Posted and filed under Coding, Healthcare.

How are eye exam codes defined?

CPT includes four codes that specifically describe eye exams:

  1. 92002:  Medical exam and evaluation with initiation of diagnostic and treatment program; intermediate, new patient.
  2. 92004:  Medical exam and evaluation with initiation of diagnostic and treatment program; comprehensive, new patient, one or more visits.
  3. 92012:  Medical exam and evaluation with initiation of diagnostic and treatment program; intermediate, established patient.
  4. 92014:  Medical exam and evaluation with initiation of diagnostic and treatment program; comprehensive, established patient, one or more visits.

Initiation of Diagnostic and Treatment/Management program

According to CPT, it includes “the prescription of medication, and arranging for special ophthalmological diagnostic or treatment services, consultations, laboratory procedures and radiological procedures.” In practice, a diagnostic program involves ordering or performing any diagnostic service that is not part of your eye exam. For example: visual fields, scanning lasers, manifest refractions, or ordering lab or radiology services would constitute initiation of a diagnostic program. Checking visual acuity, measuring IOP or performing a slit lamp exam would not.

Initiating or continuing a treatment program involves providing therapy such as prescriptions, or arranging for treatment or surgery. It may involve educating patients on risk reduction and maintenance, such as diabetic management, or coordinating care with another provider.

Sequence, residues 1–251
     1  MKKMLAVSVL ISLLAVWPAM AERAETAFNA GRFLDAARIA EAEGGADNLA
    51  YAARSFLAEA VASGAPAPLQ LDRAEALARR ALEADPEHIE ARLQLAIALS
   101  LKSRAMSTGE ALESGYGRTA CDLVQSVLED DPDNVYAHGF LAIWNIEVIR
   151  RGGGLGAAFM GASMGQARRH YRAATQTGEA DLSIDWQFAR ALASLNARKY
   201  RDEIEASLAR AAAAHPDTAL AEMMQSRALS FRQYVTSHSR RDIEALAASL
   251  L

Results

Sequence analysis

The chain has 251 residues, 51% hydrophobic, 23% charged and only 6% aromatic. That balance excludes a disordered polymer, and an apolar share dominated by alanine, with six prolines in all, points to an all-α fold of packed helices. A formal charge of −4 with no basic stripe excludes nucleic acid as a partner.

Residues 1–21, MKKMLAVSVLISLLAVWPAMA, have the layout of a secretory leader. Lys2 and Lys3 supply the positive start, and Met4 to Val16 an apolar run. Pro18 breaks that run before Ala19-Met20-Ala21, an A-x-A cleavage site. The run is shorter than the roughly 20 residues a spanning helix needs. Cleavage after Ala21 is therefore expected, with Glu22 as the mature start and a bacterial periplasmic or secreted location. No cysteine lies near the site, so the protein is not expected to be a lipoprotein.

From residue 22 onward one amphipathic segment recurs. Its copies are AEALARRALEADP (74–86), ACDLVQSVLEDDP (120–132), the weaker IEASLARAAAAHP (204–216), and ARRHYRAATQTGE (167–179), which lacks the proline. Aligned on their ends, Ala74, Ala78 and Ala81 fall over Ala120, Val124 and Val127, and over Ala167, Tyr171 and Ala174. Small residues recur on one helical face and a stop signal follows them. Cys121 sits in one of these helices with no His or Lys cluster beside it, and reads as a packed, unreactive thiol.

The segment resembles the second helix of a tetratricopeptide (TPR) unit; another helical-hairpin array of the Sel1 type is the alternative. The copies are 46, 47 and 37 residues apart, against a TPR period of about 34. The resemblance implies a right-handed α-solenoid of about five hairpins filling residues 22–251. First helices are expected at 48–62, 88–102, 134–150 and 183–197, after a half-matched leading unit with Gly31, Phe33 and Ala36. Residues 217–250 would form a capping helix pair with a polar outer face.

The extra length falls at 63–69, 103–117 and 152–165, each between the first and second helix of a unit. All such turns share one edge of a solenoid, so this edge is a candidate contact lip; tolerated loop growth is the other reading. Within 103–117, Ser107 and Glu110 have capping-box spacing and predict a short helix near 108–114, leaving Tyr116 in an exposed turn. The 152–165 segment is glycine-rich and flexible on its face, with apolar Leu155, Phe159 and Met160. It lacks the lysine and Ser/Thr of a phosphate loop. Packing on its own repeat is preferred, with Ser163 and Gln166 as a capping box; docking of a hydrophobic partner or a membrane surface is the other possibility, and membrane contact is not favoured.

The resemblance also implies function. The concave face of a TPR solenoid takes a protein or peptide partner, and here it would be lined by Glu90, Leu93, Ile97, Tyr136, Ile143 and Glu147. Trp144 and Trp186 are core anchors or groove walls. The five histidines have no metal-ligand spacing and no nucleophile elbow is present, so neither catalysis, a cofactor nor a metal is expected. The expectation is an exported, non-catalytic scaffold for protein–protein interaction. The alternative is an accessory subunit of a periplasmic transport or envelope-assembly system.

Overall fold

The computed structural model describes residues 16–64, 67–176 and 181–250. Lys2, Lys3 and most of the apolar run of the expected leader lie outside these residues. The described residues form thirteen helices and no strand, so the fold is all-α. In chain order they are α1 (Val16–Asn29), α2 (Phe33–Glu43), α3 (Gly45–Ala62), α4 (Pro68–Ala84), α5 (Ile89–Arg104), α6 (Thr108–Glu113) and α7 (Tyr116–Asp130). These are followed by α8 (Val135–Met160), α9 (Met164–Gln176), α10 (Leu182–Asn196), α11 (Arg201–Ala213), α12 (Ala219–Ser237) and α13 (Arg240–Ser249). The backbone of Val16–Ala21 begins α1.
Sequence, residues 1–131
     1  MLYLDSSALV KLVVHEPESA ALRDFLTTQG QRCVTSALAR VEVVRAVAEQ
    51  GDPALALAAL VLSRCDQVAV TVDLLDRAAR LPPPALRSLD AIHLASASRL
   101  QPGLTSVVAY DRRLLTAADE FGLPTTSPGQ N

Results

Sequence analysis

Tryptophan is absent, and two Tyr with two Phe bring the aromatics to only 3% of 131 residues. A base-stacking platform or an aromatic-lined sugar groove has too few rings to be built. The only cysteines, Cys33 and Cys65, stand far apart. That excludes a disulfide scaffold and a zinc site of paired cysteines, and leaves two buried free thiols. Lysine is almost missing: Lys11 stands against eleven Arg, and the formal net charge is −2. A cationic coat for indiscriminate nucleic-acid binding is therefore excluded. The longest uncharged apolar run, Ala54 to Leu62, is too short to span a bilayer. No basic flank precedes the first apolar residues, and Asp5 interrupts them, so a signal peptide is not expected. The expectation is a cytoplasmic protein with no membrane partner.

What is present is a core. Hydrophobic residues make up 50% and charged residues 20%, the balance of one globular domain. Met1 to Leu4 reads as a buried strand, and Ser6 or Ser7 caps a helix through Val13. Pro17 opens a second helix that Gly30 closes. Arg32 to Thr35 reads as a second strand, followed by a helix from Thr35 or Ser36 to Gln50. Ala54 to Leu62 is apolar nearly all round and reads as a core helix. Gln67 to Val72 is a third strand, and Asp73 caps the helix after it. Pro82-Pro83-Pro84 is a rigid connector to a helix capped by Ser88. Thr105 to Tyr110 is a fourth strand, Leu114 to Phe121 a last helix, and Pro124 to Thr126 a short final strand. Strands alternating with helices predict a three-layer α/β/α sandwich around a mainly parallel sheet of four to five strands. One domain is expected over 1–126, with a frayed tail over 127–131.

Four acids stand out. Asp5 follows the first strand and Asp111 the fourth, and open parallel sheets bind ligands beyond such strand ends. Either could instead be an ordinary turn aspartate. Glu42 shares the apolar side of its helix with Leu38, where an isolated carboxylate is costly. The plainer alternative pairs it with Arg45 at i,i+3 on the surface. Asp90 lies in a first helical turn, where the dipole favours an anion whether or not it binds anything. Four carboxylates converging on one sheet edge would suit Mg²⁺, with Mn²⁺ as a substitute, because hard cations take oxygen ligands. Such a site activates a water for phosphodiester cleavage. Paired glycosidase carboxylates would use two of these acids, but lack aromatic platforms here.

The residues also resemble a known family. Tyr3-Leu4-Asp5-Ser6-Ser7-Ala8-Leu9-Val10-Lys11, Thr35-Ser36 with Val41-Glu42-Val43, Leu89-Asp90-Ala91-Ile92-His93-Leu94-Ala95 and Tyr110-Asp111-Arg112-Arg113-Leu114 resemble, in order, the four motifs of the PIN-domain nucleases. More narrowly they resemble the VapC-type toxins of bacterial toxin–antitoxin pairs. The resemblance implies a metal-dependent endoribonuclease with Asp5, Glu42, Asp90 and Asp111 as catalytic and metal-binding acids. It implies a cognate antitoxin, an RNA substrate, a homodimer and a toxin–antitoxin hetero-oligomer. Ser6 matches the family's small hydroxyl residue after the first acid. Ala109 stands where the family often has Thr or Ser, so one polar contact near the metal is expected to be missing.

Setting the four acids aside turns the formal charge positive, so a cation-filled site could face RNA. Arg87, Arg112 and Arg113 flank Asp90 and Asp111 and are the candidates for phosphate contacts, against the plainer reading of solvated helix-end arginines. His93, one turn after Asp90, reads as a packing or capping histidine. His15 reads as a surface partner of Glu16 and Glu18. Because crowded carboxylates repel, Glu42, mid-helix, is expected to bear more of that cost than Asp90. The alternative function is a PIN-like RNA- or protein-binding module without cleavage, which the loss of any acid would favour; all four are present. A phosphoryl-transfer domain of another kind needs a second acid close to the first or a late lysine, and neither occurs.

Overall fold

General Medical Observation

General medical observations refer to comments in the chart describing the patient’s overall systemic health or general constitution. Commonly we see notes such as: “Patient states she is healthy,” “patient states DM is well controlled,” “patient complains of recent onset of cold symptoms.”

Medical History

Unlike the E/M coding guidelines, eye exam codes do not specify required history elements. The guidelines simply indicate that a “medical history” is required and leave it up to the provider to document what is appropriate for each patient based on the presenting conditions. It is expected that the history will be commensurate with the patient’s overall health and the presenting conditions.

Both general ophthalmological services (92002-92014) and evaluation and management (E/M) codes (99201-99215) describe office visits for new or established patients. So, when should you apply the ophthalmological services codes rather than the E/M codes?

Generally speaking, ophthalmology services codes focus entirely upon the eye. If the provider is strictly evaluating eye function, report an appropriate code from 92002-92014. Although the eye codes won’t cover every situation, they will suffice for most exams. Revert to the E/M codes for services that don’t fit within the guidelines for eye codes. For complex or very difficult cases, you should use higher-level E/M codes. Similarly, lower level E/M codes will best describe follow-up visits and examinations for uncomplicated problems.